• Directives and arguments are seperated by tabs. All directives have 1 argument, except:
    • retain/interval: '<interval> <retain> [<definition>]' (if no definition, <interval> must be standard)
    • backup: '<source-directory> <destination-directory>'
  • There can only be more than one of the 'interval'/'retain' and 'backup' directives. If either of these is not present at all, nothing will happen.
  • The 'snapshot_root' directive is the only directive that is mandatory, all others have defined default values.
  1. The script can be run more often than the smallest backup cycle that is used, or less often (in the latter case the larger interval backups might never happen). No worrying about cron jobs interfering with one another.

  2. No anacron is needed. If the computer is off for a period, required backups will be made at the next run if/when appropriate, and as many backups for each interval will be kept as specified.

  3. The directory-names for ezrsync carry both an explicit time stamp and the interval name. In case (for example) yearly backups were made when the files were a mess that day, they can just be deleted, and new ones will be made on next run. The most recent backup is linked to by the symlink '$symlinkname' (set to 'MostRecentBackup' by default).

  4. Forced backups are supported with the '--forced' option followed by an interval name. They do not count towards the total number of backups to be kept for that particular interval. They will eventually get pushed out by regular backups for that interval when there are a sufficient number of newer regular backups. The regular backups are always properly spaced in time. So in case (for example) 'retain hourly 10', and 10 hourly backups are forced in one hour, the old hourly backups will still be kept and slowly be replaced by newer regular hourly backups, and eventually the forced backups will be deleted when they get older than the oldest of the regular 10.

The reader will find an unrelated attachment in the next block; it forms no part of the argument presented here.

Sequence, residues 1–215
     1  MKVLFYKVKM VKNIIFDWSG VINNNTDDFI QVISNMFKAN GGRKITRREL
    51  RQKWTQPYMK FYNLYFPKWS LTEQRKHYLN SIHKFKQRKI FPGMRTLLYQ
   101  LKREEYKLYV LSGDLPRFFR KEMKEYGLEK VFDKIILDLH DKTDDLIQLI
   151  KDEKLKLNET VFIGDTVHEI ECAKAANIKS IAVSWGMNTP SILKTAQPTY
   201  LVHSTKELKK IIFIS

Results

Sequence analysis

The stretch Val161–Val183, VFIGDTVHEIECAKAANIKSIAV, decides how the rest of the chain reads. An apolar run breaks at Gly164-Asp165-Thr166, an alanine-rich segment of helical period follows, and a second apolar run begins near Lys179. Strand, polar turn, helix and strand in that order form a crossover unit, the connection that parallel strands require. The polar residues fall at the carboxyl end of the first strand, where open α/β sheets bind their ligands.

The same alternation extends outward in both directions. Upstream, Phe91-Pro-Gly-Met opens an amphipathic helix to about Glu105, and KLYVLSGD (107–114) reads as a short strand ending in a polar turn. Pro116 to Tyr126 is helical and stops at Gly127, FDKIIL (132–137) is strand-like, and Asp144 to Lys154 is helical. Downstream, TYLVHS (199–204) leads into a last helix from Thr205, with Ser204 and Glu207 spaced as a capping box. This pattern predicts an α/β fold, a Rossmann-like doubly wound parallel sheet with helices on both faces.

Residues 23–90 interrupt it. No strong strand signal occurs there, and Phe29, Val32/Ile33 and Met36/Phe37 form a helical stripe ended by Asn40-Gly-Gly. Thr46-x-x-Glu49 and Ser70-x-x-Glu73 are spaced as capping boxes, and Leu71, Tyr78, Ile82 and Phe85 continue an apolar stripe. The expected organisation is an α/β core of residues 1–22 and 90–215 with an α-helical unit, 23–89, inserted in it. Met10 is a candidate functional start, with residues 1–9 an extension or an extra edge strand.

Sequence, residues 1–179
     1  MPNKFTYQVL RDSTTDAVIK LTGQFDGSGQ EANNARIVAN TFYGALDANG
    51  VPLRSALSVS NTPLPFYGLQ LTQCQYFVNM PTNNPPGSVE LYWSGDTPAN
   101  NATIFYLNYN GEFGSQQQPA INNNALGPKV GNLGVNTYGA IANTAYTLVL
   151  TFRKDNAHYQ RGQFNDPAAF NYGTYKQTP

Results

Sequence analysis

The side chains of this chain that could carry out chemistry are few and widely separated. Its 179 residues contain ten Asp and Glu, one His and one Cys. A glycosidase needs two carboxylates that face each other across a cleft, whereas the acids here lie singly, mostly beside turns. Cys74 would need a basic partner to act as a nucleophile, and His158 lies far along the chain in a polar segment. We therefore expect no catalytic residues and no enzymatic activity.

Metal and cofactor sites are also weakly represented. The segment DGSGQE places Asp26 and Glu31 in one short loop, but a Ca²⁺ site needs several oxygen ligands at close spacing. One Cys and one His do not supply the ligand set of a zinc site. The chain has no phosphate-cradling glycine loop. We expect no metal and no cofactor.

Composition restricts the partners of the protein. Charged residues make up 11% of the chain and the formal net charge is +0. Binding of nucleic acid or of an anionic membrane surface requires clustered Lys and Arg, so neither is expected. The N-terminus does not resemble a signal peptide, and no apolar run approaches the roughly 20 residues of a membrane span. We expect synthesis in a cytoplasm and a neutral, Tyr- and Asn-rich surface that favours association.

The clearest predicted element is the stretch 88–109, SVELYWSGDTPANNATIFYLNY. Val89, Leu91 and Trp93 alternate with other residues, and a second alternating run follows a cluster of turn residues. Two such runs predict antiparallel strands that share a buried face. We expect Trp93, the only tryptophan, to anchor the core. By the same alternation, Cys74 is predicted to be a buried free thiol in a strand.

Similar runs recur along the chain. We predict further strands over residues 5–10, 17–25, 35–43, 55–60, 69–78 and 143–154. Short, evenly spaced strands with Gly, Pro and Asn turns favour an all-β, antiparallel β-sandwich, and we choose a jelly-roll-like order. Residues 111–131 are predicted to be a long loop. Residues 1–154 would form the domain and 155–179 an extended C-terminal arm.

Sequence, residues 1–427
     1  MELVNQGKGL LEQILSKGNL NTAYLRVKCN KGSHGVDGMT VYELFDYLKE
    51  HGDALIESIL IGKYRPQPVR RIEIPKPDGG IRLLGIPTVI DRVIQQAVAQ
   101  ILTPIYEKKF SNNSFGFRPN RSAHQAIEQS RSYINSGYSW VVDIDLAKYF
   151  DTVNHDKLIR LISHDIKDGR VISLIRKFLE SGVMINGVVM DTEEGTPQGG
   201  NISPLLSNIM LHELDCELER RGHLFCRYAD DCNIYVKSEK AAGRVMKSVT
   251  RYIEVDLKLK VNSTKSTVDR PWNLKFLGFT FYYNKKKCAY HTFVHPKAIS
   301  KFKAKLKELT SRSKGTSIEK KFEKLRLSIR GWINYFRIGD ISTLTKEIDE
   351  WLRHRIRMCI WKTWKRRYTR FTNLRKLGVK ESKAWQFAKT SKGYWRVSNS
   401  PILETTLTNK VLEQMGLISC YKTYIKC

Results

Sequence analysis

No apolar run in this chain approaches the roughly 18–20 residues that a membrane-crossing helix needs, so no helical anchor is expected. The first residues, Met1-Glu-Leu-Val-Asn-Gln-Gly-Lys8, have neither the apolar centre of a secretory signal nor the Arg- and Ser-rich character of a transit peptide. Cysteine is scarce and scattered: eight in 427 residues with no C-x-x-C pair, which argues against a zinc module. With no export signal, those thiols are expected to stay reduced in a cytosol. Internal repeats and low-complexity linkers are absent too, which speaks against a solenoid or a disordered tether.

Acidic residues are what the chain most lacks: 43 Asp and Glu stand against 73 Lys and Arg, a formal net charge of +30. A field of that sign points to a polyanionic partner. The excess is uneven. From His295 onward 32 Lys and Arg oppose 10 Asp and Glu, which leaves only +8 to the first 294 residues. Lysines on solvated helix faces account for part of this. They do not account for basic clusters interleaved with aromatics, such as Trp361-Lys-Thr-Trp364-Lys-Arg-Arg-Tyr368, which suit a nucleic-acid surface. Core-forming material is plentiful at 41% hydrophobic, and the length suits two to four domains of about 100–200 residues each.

5. Independent, persistent backups can be made with the '--independent' option. These never get automatically deleted and do not interact with the deletion schedule of other interval backups at all.

  6. In case of interruptions, there is a roll forward or roll back mechanism in place to guard against deletions.

  7. Empty source directories are never backed up. This is really a minimal check, but stricter criteria like tagging backup-sources with hidden files won't work for read-only sources and may just prevent backups.

  8. Different interval specifications can be applied to different sets of backup directives by using separate configfiles.

Potential concerns

A date-based system is vulnerable to missed backups or auto-deletion if there is a clock error. Much consideration has been given to this issue in the details of the logic. If any backups exists 'in the future', the program is aborted. But a clock jump to the past does not threaten existing backups anyway, it just won't make new ones, so has to be detected. If the clock jumps forward (for example 2 months, perhaps the machine had just been switched off), things are fine. Your backups, while suddenly being older, will not all suddenly get expired, because expiry is based on count within an interval, and not based on time.


For all intervals, starting with the shortest interval:

  • if due: make the backups
  • if retain fulfilled: remove the obsolete (possibly forced) backups
  • if retain not yet fulfilled, look to use trashed backups ('optional rotation') (in principle, the prelink+rsync happens only once per run at most)